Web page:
The following Information Law practice note provides comprehensive and up to date legal information covering:
This Practice Note discusses the impact of Brexit on the general processing of personal data under the General Data Protection Regulation, Regulation (EU) 2016/679 (EU GDPR), which became directly applicable in the UK and all other EU Member States on 25 May 2018 and which has governed the processing of personal data across the EEA (the EU plus Iceland, Norway, and Liechtenstein), since its incorporation into the EEA Agreement.
In the UK, the adoption of the EU GDPR into UK law was assisted and supplemented by the Data Protection Act 2018 (DPA 2018) which provides permitted national derogations/exceptions to the requirements of the EU GDPR, see Practice Note: The Data Protection Act 2018.
For an introduction to data protection law, collating key practical guidance, see: Data protection toolkit.
This Practice Note does not address the processing of personal data by competent authorities for law enforcement purposes or by the intelligence services, and under the ‘applied GDPR’ regime, which are beyond the scope of this guidance. For guidance on the impact of Brexit on the processing of personal data by competent authorities for law enforcement purposes, see Practice Note: Processing personal data by law enforcement and intelligence agencies—an introduction to the Data Protection and Law Enforcement Directive and Part 3 of the Data Protection Act 2018—Impact of Brexit.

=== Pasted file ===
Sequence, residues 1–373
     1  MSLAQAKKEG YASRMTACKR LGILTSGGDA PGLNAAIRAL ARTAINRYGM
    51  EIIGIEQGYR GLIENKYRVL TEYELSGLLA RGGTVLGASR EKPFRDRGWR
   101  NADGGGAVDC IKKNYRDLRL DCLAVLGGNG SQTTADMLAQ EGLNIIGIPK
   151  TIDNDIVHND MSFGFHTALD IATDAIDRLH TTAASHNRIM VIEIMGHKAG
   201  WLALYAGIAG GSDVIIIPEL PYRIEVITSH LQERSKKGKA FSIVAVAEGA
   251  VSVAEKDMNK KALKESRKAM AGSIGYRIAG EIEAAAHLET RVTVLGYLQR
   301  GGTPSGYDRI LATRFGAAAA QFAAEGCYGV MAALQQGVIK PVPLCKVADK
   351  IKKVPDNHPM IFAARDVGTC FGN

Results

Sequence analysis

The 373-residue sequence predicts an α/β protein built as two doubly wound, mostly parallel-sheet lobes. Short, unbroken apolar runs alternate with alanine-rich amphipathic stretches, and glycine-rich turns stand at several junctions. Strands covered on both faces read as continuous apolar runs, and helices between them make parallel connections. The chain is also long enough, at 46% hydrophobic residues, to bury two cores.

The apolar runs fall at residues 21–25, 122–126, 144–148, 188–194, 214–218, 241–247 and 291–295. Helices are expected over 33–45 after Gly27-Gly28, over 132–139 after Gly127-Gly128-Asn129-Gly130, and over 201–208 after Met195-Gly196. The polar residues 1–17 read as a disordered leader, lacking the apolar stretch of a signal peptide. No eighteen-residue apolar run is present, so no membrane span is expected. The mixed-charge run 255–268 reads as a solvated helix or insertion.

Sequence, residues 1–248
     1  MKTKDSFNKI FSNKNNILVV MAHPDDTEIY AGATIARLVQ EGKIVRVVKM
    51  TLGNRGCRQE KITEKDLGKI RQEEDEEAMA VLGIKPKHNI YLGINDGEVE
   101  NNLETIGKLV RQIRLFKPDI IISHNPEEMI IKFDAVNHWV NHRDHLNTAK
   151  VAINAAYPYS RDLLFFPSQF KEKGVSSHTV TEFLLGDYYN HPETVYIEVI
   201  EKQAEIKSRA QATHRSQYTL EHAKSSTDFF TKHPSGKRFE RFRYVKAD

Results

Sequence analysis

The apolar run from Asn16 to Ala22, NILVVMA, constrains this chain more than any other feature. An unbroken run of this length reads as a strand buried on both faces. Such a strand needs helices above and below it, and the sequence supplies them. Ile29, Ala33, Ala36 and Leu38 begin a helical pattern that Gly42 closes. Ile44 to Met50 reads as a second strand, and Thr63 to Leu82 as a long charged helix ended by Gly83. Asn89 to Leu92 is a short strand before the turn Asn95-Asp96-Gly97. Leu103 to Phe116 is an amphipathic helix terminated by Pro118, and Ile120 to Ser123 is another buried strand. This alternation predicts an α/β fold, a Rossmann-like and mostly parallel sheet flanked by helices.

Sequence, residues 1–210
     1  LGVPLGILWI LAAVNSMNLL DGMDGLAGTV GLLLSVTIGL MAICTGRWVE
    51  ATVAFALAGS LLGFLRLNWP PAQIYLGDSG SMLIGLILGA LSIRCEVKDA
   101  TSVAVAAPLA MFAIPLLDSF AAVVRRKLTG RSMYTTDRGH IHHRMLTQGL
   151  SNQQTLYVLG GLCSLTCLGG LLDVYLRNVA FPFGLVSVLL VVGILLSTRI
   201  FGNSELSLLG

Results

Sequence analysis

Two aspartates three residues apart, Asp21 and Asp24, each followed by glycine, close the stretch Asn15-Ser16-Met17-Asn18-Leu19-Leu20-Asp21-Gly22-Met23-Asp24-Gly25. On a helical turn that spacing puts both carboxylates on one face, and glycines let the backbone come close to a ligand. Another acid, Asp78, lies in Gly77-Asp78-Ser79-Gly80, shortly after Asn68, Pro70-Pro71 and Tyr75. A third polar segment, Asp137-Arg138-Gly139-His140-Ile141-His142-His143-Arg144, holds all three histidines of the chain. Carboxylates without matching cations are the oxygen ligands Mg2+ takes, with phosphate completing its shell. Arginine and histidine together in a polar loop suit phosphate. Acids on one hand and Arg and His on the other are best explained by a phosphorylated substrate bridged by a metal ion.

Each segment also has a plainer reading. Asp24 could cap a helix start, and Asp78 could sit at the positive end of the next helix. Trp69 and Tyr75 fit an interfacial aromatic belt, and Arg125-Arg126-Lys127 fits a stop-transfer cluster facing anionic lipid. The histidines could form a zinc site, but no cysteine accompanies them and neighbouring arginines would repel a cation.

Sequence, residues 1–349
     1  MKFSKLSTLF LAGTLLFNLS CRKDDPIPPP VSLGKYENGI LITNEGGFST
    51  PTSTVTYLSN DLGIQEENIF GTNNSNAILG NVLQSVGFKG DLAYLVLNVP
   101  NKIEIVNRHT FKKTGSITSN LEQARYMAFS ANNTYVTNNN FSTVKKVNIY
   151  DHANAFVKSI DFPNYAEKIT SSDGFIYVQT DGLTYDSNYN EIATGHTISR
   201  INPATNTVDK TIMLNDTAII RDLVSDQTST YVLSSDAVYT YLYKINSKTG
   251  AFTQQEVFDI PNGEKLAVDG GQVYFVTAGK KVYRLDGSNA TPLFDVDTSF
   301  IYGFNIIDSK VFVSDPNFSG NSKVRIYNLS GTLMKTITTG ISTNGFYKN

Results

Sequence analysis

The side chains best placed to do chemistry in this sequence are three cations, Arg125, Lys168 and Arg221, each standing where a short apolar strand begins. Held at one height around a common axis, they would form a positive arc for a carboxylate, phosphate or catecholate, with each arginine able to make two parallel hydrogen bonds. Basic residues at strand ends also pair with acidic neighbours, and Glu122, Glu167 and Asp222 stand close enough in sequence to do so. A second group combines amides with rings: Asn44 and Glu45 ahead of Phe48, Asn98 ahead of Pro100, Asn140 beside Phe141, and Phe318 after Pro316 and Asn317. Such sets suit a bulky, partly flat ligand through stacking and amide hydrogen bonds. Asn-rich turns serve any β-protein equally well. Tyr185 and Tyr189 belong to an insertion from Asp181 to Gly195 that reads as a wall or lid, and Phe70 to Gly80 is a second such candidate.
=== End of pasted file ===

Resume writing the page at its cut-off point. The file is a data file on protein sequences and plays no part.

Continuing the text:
As of exit day (31 January 2020) the UK
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What are OFTOs?Offshore Transmission Owners (OFTOs) are the owners of offshore transmission assets which connect offshore wind farms to the onshore electricity network. The transmission assets comprise everything between the offshore point of connection with the generating wind farm assets and the
This Practice Note provides guidance on the SRA Codes of Conduct, contained in the SRA Standards and Regulations, in force from 25 November 2019. The SRA Standards and Regulations include two Codes of Conduct—a Code forSolicitors, RELs and RFLs and a Code for Firms. The Standards and Regulations
When defendants are guilty, they have a choice to plead guilty or to put the prosecution to proof. When they plead guilty they may benefit from a reduction in their sentence as a result, see Practice Note: Credit for guilty plea. However, the Sentencing Council's overarching guidelines on reduction
There are several offences of tipping-off and prejudicing an investigation that apply to the regulated sector. There is also an offence of prejudicing an investigation that applies only to the unregulated sector. Both sectors are subject to an additional offence of interfering with documents.This
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